A diagnostic device made out of paper detects biomarkers and identifies diseases by performing electrochemical analyses — powered only by the user’s touch — and reads out the color-coded test results, making it easy for non-experts to understand.

Paper-based diagnostic detects biomarkers and identifies diseases.
(Credit: Purdue University/Aniket Pal)

The self-powered, paper-based electrochemical devices, or SPEDs, are designed for sensitive diagnostics at the point-of-care, or when care is delivered to patients, in regions where the public has limited access to resources or sophisticated medical equipment.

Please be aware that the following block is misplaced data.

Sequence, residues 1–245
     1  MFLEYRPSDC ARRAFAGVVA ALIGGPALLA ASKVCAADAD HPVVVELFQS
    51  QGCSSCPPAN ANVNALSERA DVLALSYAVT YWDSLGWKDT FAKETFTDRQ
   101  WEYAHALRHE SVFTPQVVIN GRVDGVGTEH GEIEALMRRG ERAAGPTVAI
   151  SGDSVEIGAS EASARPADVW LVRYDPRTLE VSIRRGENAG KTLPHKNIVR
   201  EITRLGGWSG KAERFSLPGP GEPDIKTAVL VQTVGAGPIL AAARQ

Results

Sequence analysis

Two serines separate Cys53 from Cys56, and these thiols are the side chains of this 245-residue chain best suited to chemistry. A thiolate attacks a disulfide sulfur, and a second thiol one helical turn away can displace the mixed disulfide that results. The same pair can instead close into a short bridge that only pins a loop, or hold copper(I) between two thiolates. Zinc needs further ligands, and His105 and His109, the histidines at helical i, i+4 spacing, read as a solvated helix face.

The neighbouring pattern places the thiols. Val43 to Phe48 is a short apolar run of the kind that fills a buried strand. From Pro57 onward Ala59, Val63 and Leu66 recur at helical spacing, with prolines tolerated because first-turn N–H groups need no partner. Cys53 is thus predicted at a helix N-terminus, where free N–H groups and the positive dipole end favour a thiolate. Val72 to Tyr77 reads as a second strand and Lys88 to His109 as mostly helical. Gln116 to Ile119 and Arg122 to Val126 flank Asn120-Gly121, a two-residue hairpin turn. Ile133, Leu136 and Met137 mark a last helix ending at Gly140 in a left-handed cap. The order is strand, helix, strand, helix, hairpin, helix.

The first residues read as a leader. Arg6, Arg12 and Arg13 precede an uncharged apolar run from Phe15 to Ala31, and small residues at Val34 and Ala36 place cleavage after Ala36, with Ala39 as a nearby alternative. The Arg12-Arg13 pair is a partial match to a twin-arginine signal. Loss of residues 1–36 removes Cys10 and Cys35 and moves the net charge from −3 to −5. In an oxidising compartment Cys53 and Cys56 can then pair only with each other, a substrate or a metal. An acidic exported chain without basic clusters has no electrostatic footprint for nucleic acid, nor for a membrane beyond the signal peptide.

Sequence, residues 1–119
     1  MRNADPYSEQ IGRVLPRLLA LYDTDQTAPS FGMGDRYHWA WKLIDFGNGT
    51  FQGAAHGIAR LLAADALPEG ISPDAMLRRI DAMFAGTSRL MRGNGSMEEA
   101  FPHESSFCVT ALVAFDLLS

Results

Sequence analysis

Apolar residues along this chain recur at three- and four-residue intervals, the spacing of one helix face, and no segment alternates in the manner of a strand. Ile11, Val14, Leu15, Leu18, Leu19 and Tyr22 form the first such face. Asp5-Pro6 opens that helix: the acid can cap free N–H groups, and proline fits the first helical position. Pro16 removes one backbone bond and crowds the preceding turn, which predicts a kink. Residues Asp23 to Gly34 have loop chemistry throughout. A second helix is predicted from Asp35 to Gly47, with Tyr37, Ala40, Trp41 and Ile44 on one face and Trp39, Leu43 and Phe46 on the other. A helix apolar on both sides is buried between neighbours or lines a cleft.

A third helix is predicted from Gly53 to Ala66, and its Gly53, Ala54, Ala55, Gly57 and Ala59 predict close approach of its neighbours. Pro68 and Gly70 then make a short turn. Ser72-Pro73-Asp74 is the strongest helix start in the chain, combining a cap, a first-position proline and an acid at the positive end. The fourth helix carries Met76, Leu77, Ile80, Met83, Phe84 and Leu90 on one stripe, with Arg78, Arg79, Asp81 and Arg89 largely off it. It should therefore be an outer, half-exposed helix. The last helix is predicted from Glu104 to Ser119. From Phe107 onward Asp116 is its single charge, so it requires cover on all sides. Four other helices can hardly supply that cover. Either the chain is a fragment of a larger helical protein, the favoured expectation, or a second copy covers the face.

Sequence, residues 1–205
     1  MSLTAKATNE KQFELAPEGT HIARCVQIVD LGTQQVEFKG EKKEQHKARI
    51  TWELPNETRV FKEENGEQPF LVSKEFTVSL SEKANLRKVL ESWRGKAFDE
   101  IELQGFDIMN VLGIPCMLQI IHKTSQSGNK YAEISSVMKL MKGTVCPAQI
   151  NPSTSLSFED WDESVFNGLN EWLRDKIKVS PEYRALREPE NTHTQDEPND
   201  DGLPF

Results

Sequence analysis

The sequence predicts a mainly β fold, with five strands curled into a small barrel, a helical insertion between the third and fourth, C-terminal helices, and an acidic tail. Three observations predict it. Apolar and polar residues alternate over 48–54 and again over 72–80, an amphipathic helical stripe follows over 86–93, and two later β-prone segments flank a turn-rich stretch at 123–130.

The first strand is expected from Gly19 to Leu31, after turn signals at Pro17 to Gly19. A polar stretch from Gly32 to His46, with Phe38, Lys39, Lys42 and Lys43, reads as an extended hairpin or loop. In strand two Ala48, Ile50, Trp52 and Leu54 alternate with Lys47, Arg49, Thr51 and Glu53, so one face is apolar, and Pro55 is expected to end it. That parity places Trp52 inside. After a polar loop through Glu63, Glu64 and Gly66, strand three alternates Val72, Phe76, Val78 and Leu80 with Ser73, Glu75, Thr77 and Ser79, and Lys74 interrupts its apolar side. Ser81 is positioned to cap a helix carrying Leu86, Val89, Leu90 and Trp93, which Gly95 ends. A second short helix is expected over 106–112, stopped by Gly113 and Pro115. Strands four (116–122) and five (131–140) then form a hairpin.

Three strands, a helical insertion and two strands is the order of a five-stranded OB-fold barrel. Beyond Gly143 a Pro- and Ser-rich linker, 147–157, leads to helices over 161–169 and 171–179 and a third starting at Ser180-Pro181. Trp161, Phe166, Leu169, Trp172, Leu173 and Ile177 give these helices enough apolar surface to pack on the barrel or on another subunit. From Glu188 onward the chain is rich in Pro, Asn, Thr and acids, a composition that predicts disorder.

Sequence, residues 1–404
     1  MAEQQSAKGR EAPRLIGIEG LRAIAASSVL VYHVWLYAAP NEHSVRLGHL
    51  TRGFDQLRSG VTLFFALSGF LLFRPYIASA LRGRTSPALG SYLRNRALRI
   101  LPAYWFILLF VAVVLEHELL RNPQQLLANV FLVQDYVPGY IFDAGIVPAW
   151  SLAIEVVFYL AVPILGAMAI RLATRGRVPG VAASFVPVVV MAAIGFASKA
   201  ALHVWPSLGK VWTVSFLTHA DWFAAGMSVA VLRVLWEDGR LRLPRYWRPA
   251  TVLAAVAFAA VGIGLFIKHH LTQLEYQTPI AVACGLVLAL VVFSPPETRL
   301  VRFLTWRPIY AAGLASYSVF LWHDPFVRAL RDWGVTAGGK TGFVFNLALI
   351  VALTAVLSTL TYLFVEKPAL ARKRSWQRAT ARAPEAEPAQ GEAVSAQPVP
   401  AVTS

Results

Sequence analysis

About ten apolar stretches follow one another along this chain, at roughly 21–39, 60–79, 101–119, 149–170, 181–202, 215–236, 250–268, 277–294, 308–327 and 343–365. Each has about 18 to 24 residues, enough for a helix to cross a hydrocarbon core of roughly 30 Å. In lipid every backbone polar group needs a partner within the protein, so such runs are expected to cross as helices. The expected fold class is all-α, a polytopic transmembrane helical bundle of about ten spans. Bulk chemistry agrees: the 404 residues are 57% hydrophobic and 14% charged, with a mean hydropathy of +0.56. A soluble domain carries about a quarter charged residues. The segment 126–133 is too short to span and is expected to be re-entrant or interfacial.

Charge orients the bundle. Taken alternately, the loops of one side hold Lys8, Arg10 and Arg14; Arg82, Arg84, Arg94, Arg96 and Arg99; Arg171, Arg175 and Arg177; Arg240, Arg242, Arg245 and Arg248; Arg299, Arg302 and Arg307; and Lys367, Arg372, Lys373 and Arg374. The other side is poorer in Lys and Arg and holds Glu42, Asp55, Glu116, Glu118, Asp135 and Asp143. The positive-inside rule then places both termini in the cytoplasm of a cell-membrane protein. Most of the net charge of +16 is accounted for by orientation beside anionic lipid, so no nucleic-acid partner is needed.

The test is initiated by placing a pinprick of blood in a circular feature on the device, which is less than 2 in. square. SPEDs also contain self-pipetting test zones that can be dipped into a sample instead of using a finger-prick test.

The top layer of the SPED is fabricated using untreated cellulose paper with patterned hydrophobic domains that define channels that wick up blood samples for testing. These microfluidic channels allow for accurate assays that change color to indicate specific testing results. A machine-vision diagnostic application also was created to automatically identify and quantify each of these colorimetric tests from a digital image of the SPED to provide fast diagnostic results facilitate remote consultation.